Pericles was more than just a military genius; he was also a statesman and a patron of the arts. He used the treasury of Athens to fund multiple building projects like the temple of Athena Nike and the Parthenon.

After securing power for the Communist Party in China, Mao Zedong launched an economic program known as the Great Leap Forward. The program sought to build agricultural communes and bring about collective ownership of resources, but it led to one of the worst famines in Chinese history.

Sharing the ideology of U.S. President Ronald Reagan, Margaret Thatcher pushed forward many right-leaning policies during her time as prime minister. In particular, she took on trade unions and pulled back on many government-funded programs.

Known as the "Iron Chancellor," Otto von Bismarck believed in the necessity of power for Germany to regain its full strength. He discussed this course of action in his famous speech from 1862 known as the "Blood and Iron" speech.

One of the most famous events during Mansa Musa's reign was his pilgrimage to Mecca, which he undertook in 1324. On the trip, Musa carried along thousands of soldiers, slaves and more gold than one could spend in a lifetime.

The height of Sitting Bull's rebellion came to an end when he surrendered to U.S. forces in 1881 and was sent to Standing Rock Reservation two years later. However, after his influence continued to spark talks of further violence, police went to arrest him, but instead, they killed him outside his cabin.

Wu Zetian was recognized from a young age for her beauty and wit, and her political career started as a concubine under Emperor Tai Tsung. However, it was under his son, Kao Tsung, that she was able to position herself as the future empress.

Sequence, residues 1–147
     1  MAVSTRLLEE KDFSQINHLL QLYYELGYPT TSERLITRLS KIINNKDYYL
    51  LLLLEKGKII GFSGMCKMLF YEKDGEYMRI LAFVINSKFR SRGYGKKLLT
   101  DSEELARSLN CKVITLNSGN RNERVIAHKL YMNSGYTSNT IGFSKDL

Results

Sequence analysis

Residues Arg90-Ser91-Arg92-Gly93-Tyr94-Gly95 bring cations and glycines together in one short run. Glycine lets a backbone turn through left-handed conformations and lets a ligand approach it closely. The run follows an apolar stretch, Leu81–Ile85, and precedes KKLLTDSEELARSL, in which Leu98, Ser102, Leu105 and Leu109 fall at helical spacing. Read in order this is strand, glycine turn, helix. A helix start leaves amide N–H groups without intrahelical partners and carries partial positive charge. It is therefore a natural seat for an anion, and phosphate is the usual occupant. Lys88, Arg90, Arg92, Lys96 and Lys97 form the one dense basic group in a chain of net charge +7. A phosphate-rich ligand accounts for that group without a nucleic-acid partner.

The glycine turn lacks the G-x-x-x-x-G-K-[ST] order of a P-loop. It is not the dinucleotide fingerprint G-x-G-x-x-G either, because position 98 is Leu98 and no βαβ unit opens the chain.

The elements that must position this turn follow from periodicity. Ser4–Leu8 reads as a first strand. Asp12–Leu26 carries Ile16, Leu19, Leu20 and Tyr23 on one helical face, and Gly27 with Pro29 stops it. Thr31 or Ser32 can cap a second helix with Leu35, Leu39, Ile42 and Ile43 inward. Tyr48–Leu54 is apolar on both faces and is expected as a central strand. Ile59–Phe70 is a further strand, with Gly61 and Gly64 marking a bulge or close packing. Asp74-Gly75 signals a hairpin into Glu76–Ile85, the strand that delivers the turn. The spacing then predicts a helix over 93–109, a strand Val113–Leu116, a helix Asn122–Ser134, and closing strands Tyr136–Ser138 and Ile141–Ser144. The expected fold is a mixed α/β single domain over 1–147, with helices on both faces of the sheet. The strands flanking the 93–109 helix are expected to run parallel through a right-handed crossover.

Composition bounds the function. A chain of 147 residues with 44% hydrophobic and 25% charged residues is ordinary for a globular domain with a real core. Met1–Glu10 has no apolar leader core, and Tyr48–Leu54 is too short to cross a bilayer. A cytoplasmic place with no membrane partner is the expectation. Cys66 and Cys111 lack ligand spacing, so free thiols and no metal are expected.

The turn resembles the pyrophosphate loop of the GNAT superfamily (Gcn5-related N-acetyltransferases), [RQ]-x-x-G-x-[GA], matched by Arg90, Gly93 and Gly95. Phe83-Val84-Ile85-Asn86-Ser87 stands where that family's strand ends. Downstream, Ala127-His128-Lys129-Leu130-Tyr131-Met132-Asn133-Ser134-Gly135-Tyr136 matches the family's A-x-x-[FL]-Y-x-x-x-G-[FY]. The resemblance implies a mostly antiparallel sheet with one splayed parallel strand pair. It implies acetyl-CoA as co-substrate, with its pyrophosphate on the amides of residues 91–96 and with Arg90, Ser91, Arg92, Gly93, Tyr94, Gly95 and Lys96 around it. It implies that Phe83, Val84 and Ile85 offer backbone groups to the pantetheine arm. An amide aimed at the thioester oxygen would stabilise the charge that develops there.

Seeking independence for the people of Vietnam held under colonial rule, Ho Chi Minh traveled to Europe, where he eventually found himself in Russia following the Bolshevik Revolution. He brought communist ideals he learned back to Asia when he founded the Viet Minh.

Despite his lack of a royal lineage, Marcus Aurelius proved to be a competent and just ruler when he came to power in the year 161. His reign was influenced by Stoic philosophy, which he both studied and wrote about in his "Meditations."

Like his ancestors, Shah Jahan was enamored by art of all kinds, and under his rule, the Mughals' culture flourished unlike any other time in its history. Aside from the Taj Mahal, Shah Jahan engaged in several commissions, which included rebuilding parts of the Red Fort as well as the city of Delhi.

To better compete against Western Europe, Peter the Great initiated several programs that brought Russia more in line with their European contemporaries. One of the strangest practices was placing a tax on beards, as most Western Europeans did not have them at the time.

To better govern his kingdom, Hammurabi initiated one of the first written law codes known as the Code of Hammurabi. The code consisted of 282 rules that helped define both fines and punishments for breaking the law.

Victoria received the crown of England at the young age of 18, which she inherited after the death of her uncle, William IV. As queen, she increased the power of the crown after its influence took a hit with the establishment of the constitutional monarchy in England.

The warring states of the Sengoku period in Japan had taken its toll on the country, providing Toyotomi Hideyoshi with the opportunity to seize control. Under his rule as imperial regent, the daimyo formed a federation that largely remained independent since Hideyoshi never established himself as shogun.

As the ruler of the Soviet Union, Joseph Stalin managed to transform the nation into a superpower that competed directly with the United States following WWII. However, the costs were substantial, as citizens were pulled from their homes and forced into various jobs while a famine devastated the population.